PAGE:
Trump returns to Twitter after Facebook extends ban through inauguration

A day after the mob he urged on stormed its way into the U.S. Capitol seeking to disrupt a count of electoral votes, President Trump faced the suspension of his Facebook account through the end of his term in office, the lingering threat of a similar action by Twitter and freezes or suspensions on other valuable social media and e-commerce channels under his control.

Facebook Chief Executive Mark Zuckerberg announced the suspension Thursday morning in response to Trump’s messages condoning the rioters the day before. As members of Congress sheltered in place and law enforcement officers sought to secure the building, Trump posted a message saying his “sacred landslide election victory” had been “viciously stripped away from great patriots who have been badly & unfairly treated for so long.” A subsequent video message posted on Facebook, Twitter and YouTube urged rioters to “go home now” but reiterated the baseless claim of a stolen election.

The three platforms removed the video, and Facebook and Twitter issued temporary blocks on the president’s accounts Wednesday. Facebook then went a step further, freezing Trump’s Facebook and Instagram accounts through at least Jan. 20, when President-elect Joe Biden is scheduled to be inaugurated. Separately, Snapchat said it had also locked his account and would reassess later.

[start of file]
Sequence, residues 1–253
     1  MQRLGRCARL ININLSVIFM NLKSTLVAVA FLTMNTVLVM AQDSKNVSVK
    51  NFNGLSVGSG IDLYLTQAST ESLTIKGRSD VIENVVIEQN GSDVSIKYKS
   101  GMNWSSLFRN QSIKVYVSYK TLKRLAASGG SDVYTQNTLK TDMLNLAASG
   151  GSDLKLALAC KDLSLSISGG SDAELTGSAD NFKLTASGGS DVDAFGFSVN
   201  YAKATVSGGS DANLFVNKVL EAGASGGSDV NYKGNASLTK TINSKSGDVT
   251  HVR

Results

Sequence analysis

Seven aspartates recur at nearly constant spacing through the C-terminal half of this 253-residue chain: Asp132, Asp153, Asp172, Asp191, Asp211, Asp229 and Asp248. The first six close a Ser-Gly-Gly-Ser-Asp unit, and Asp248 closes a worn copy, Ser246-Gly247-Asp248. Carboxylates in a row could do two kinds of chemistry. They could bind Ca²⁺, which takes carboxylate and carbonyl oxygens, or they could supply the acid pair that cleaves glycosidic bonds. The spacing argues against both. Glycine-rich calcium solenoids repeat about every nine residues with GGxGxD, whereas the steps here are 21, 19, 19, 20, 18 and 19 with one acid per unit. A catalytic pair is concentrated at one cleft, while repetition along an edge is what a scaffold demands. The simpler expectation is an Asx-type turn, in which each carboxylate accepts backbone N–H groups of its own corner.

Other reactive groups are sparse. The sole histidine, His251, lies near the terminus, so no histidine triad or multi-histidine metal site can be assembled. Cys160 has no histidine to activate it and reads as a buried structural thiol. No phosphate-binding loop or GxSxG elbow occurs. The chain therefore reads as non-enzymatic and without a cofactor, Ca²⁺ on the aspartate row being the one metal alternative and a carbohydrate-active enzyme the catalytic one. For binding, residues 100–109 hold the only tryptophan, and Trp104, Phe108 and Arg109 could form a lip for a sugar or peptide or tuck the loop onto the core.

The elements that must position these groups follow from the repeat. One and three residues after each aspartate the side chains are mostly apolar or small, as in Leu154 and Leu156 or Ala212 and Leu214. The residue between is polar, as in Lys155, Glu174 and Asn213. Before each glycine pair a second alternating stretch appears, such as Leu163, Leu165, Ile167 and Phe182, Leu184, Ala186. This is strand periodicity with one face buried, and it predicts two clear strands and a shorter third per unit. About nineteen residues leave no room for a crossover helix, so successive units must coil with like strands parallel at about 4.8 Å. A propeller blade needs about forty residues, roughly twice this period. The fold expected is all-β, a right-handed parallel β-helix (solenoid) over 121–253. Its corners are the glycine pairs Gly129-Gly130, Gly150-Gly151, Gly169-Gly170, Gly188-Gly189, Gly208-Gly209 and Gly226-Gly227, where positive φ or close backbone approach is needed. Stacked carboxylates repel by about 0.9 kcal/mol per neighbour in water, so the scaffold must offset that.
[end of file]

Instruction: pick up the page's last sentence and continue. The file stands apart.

“We believe the risks of allowing the President to continue to use our service during this period are simply too great,” Zuckerberg wrote in a Facebook post. “Therefore, we are extending the block we have placed on his Facebook and Instagram accounts indefinitely and for at least the next two weeks until the peaceful transition of power is complete.”

Twitter imposed a temporary freeze on Trump’s account Wednesday but lifted it Thursday after he deleted messages that violated its safety policies. The company warned, “Future violations of the Twitter Rules, including our Civic Integrity or Violent Threats policies, will result in permanent suspension of the @realDonaldTrump account.”

Trump marked the restoration of his privileges with a video message that diverged in tone and content sharply from his earlier posts. In it, he condemned Wednesday’s rioting as a “heinous attack” and said “the demonstrators who infiltrated the Capitol have defiled the seat of American democracy.”

“Tempers must be cooled and calm restored,” he said in the nearly three-minute video, which contained only brief and vague allusions to the integrity of elections. “A new administration will be inaugurated on Jan. 20. My focus now turns to ensuring a smooth, orderly and seamless transition of power.”

Facebook and Twitter have faced scrutiny over their lax moderation of Trump’s accounts throughout his time in office and particularly during the 2016 and 2020 presidential elections. For years, the companies have scrambled to revise their policies on misinformation and hate speech in response to ever-escalating challenges from the White House and supporters of the president.

The challenge has been a complicated and unprecedented one, raising questions about freedom of speech and whether the president of the United States should be afforded greater leeway than the average user to espouse his views even when they are proven to be inaccurate or appear to incite violence.

In recent months, the social media giants have increasingly leaned on disclaimers to flag certain posts as disputed, stopping short of shutting down or suspending Trump’s accounts.